In the knife world quite a few claims are made regarding the advantages a convex edge may have over a straight edge. In this post I examine some of these claims.
The Fallkniven A1 is a beast of a knife with a blade length of 6.3” (16 cm), a blade thickness of 0.24” (6mm) and a weight of slightly over 11 oz (305 grams). My Wicked Edge was soon to know…
I wanted to find out which method was the easiest to create a convex edge using the Wicked Edge. I created a multi-beveled edge and then stopped the blade to turn this into a convex edge.
The third method for creating convex edges on the Wicked Edge involves creating a full edge at the lowest angle (16 degrees), followed by a full edge at the highest angle (22 degrees), followed by the two intermediate bevels (20 and 18 degrees).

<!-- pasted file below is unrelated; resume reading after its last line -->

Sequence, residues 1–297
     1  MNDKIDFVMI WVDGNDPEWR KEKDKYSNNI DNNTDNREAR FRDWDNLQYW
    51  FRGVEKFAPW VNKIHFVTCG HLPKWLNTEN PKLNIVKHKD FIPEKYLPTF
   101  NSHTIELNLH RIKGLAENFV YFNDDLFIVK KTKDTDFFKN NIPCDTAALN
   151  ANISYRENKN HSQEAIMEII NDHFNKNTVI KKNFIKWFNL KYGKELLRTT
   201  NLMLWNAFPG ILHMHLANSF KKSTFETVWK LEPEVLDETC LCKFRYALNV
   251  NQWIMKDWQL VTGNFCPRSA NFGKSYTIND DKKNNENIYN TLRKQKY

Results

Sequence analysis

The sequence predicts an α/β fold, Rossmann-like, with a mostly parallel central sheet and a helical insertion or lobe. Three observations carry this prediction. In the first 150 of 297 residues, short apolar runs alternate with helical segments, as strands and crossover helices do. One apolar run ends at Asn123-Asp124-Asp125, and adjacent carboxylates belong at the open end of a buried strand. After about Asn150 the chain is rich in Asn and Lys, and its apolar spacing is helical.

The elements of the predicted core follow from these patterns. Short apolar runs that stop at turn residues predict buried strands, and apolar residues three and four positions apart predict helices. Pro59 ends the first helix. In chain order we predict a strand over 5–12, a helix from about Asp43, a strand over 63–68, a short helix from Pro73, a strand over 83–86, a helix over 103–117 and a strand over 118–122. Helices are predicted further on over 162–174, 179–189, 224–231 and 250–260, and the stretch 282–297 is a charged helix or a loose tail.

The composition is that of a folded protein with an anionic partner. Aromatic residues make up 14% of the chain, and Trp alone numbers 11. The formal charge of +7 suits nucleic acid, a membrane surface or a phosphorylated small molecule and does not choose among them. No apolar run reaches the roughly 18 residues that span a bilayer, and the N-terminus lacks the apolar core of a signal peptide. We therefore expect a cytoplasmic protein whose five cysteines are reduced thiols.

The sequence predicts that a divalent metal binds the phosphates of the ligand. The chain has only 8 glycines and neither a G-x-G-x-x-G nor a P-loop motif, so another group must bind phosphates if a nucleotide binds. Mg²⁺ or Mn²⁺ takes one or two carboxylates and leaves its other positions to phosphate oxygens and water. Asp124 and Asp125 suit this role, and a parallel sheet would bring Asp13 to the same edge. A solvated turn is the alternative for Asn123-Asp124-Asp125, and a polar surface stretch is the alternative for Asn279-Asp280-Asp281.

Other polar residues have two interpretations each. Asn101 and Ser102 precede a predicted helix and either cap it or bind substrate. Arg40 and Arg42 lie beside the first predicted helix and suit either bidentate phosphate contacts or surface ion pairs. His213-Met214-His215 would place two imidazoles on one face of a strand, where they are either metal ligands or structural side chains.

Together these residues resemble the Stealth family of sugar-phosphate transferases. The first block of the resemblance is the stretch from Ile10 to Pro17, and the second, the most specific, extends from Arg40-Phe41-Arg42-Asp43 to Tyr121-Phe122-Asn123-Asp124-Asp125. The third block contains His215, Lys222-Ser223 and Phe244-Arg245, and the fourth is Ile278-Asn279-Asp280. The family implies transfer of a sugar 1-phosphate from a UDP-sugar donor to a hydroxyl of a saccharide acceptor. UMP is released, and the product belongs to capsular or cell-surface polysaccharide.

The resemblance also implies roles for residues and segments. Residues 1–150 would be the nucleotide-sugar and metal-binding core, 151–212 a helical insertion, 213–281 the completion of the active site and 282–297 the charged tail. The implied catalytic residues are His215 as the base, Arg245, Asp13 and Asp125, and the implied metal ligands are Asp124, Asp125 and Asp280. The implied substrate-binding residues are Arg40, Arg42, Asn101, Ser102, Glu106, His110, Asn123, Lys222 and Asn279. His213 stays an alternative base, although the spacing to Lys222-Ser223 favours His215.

The second method for creating convex edges on the Wicked Edge involves creating a full edge at the highest angle (least acute), followed by setting multiple bevels at subsequently lower angles, without creating new complete edges at these angles.
In theory, this should be the fastest method, since you have to create a full edge only once. It should also be the method that results in the least amount of material being removed.
Creating a convex edge using a guided sharpening system like the Wicked Edge is not too difficult with some practice. Basically it involves sharpening the blade at different angles, creating a multi-beveled edge. These edges are then blended together by means of stropping.